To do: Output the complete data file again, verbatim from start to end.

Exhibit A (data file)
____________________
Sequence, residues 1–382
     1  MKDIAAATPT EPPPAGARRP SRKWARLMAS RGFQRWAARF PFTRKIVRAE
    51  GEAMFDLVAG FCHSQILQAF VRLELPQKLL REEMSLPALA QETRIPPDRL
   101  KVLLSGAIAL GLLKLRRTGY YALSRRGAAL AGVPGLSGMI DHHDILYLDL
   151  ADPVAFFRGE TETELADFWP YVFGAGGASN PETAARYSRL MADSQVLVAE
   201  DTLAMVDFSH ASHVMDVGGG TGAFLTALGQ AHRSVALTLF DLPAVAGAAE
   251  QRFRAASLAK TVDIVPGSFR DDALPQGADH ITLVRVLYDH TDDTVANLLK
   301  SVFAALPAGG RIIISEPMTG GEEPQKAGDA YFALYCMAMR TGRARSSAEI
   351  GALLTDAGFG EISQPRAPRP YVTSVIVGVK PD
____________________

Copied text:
Sequence, residues 1–382
     1  MKDIAAATPT EPPPAGARRP SRKWARLMAS RGFQRWAARF PFTRKIVRAE
    51  GEAMFDLVAG FCHSQILQAF VRLELPQKLL REEMSLPALA QETRIPPDRL
   101  KVLLSGAIAL GLLKLRRTGY YALSRRGAAL AGVPGLSGMI DHHDILYLDL
   151  ADPVAFFRGE TETELADFWP YVFGAGGASN PETAARYSRL MADSQVLVAE
   201  DTLAMVDFSH ASHVMDVGGG TGAFLTALGQ AHRSVALTLF DLPAVAGAAE
   251  QRFRAASLAK TVDIVPGSFR DDALPQGADH ITLVRVLYDH TDDTVANLLK
   301  SVFAALPAGG RIIISEPMTG GEEPQKAGDA YFALYCMAMR TGRARSSAEI
   351  GALLTDAGFG EISQPRAPRP YVTSVIVGVK PD